How to communicate with unsure people
Even those who may fit the stereotype at first glance may have a lot in their story. Steward, for example, is a Christian pastor living in rural South Carolina who relies on conservatives. But his skepticism was not because of his religion or politics; this is because he is trying to understand the FDA approval process and how the vaccine affects his health.
People are complicated, and their reasons for not getting the vaccine are personal. Respect those reasons and you can have a more productive conversation.
See if the person is open to conversation. Steward admitted that he questioned whether covid was real, whether vaccines really made sense, and whether he had options other than vaccines. But he was always open to conversation. “If I want to make the right decision, I have to hear some opposing points of view,” he said.
Someone in the 14% of Americans who decide they will never get the vaccine may not be open to anything you say. It can be a much better use of your time and energy to simply retreat.
Compassion – or at best civil. Maybe you’re upset with what someone said, or you’re having a hard time understanding. But the person you are trying to talk to will immediately end up with you if you are disrespectful. As I said in an earlier part about dealing with conspiracy theories, slandering or disrespecting someone automatically closes the door to any discussion that may occur.
Identify the obstacle. For many uneducated people, the problem is they are not against vaccines the more they need help getting one. perhaps they are afraid of needles or having a hard time figuring out how to get an appointment. They may have heard about the effects and can’t rest at work if they don’t feel well. Ask if there is anything you can do to ease their burden or help remove an obstacle.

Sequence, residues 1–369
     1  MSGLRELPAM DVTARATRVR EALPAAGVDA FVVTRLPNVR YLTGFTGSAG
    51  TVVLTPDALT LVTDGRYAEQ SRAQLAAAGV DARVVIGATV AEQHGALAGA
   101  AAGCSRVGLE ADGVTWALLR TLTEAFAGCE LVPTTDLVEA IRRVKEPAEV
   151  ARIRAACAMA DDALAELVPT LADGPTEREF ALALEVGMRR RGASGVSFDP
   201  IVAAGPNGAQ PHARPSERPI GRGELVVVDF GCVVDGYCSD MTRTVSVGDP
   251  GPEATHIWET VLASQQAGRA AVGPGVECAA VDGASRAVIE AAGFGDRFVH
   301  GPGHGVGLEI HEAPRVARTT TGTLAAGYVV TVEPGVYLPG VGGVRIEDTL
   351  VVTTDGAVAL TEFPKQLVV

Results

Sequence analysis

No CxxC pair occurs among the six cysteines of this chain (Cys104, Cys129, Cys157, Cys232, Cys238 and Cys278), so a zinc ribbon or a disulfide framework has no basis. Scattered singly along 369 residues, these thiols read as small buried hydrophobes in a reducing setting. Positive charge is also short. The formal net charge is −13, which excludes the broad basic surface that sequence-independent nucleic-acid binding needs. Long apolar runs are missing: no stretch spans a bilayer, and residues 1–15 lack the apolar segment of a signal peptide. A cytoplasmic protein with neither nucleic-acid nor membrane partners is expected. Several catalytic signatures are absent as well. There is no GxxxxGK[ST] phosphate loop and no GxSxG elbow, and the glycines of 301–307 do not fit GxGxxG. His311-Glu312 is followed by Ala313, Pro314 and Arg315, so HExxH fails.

Consider the humble text. As I wrote ago, dealing with people on social media-in Facebook posts, Twitter responses, Instagram comments-doesn’t help and offend others. If you are forced to respond to someone who posts about a vaccine inquiry, choose a more private route, such as texting.
Adapt your reasoning to the person. Much of the messaging around vaccinations involves either instructions (“Get the vaccine now”) or expressed embarrassment (“If you can’t get the vaccine, you’re a bad person”). It may be more effective to use language that reinforces the fact that the vaccination process is in the individual’s own hands.
Daniel Croymans, a doctor of systems at UCLA, recently co-led a study where he found that the “ownership” language helped people with their covid-19 vaccine appointments. Ownership language refers to words that suggest the vaccination is in the person: “Take your dose” or “The vaccine is made available for you,” for example. In the Croymans study, texts with language ownership were more successful in getting seniors with conditions pre-existing in their first shot than texts with a message transmitting information. “If you think you own it, then you’re more likely to value it and appreciate it,” Croymans said.
Croymans says the study emphasizes the importance of creating self-empowering messages rather than embarrassing people who are skeptical of the vaccine. Anyone who wants to help persuade others to get the vaccine can try the same tactic.
When talking to an unrelated person, consider the person’s specific concerns and try to address them in a way that feels relevant. Don’t use jargon or say bad things. Review the concerns shared by the person to show that you are listening, and think about what would reassure you if you felt the same way.